Spokesperson: Well, there are two points. You are quite right that this is a topic — not the specific case, but the question of piracy — this is a topic that is clearly part of the agenda at this conference on Somalia in Istanbul on Saturday. The second point is, as you well know, the United Nations speaks out quite clearly on the use of the death penalty, namely that it should not be used.
Inner City Press: So, this is the speaking out clearly about these death sentences?
Spokesperson: I beg your pardon?
Inner City Press: I mean, is this the speaking out clearly about these particular death sentences?
Spokesperson: The use of the death penalty anywhere is something that the United Nations would not be in favour of. I am going to hand over now to Mr. Adlerstein with apologies for being slightly late. And also Marie, very kindly, is going to moderate. Okay, thanks very much.
Then neither Nesirky or Marie Okabe answered for two days this question:
"Now that the President of Somalia has reversed his firing of the Prime Minister after being advised it was illegal, and with the BBC reporting "Analysts say the row has severely weakened the president's credibility, and the UN's, which had backed him" (see below) - I want to reiterate my question from Tuesday, now on deadline:
was 'Ould-Abdallah essentially taking sides in an internal dispute of Somalia, is it something he did based on legal advice from OLA [Office of Legal Affairs]? Was it his reading — apparently it was — that this was a legal move by the President? And what does the UN say now'?"
If and when an answer is provided to this question, we will publish it. Watch this site.
On Somalia, UN's Ould Abdullah Dismisses 300 MPs as Web Sites, Hasn't Read Report
UNITED NATIONS, May 12 -- The UN's envoy on Somalia Ahmedou Ould Abdullah, fresh from being denounced and asked to resign by over 300 members of the Somali parliament, dismissed the criticism on Wednesday as being the product of web sites. "I don't consult web sites, except yours from time to time," he told Inner City Press.
He went on to say that the AP
report of 300 MPs was "based on a letter not signed."
He did not respond to the rejection of the
Norway-funded deal he unilaterally made with Kenya, about Somalis' rights to
their shelf continential shelf. As to the criticism that rather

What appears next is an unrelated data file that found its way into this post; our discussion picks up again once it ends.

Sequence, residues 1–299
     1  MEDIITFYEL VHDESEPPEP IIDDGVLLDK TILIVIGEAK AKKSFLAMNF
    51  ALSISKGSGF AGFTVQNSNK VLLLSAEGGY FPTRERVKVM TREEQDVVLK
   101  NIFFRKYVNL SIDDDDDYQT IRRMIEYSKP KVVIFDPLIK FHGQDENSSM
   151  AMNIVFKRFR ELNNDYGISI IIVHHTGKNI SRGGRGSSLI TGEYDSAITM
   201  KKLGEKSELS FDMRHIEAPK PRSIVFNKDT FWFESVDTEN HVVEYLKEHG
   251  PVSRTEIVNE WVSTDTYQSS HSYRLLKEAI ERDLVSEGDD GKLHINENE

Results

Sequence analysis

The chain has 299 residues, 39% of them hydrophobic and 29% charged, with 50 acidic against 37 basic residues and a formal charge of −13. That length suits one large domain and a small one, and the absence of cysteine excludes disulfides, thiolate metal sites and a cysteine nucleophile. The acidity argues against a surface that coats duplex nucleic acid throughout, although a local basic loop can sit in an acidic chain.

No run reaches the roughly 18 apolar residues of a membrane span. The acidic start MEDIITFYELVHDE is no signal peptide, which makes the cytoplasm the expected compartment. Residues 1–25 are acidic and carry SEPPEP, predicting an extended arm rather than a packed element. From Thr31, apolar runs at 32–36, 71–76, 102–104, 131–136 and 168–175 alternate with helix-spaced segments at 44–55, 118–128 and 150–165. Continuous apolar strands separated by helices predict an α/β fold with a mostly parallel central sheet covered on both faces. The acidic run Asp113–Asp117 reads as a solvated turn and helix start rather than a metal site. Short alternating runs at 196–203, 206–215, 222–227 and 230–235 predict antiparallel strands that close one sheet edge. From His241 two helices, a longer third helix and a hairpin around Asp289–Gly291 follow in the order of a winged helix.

than mediating he has taken sides in the Somali conflict, he said "yes I take
sides.. for peace, stability, legality, human rights." Video here, from Minute
But he has in fact defended
violations of human rights by Ugandan and Burundian troops in Mogadishu, who
have fired into civilian areas trying to "drain the sea" to get at Islamist
rebels. Ould Abdullah earlier called for a moratorium on the reporting of the
killing of civilians by AU peacekeepers. Now he says reports by human rights
groups are overblown.
Ould Abdullah on May 12, all critics are mere web sites
Speaking of reports, UK Deputy Permanent Representative Philip Parham told the Security Council on Wednesday that he would "like to register our disappointment that the Secretary-General’s report was issued less than 24 hours before this meeting."
Ould Abdullah claimed that he had only read the first draft of his report, trying to explain why in person he was more dismissive of claims of aid diversion than the report was. What exactly is Ould Abdullah doing? He is a man of action. He does not read UN reports, he does not read web sites (except this one, from time to time). He is not based in Mogadishu but rather Nairobi, Kenya. Soon he will be in Turkey beating the drum for donations. But does he have support in Somalia? Apparently not. What is the UN going to do about this? Watch this site.
Click here for Inner City Press March 12 UN (and AIG bailout) debate
Click here for Feb. 12 debate on Sri Lanka http://bloggingheads.tv/diavlogs/17772?in=11:33&out=32:56
Click here for Inner City Press' Jan. 16, 2009 debate about Gaza
Click here for Inner City Press' review-of-2008
UN Top Ten debate
Click here for Inner City Press' December 24 debate on UN budget, Niger
Click here from Inner City Press' December 12
debate on UN double
Click here for Inner City Press' November 25 debate on Somalia, politics
* * *
Click here for a Reuters AlertNet piece by this correspondent about Uganda's Lord's Resistance Army. Click here for an earlier Reuters AlertNet piece about the Somali National Reconciliation Congress, and the UN's $200,000 contribution from an undefined trust fund. Video Analysis here
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Copyright 2006-08 Inner City Press, Inc. To request reprint or other permission, e-contact Editorial [at] innercitypress.com -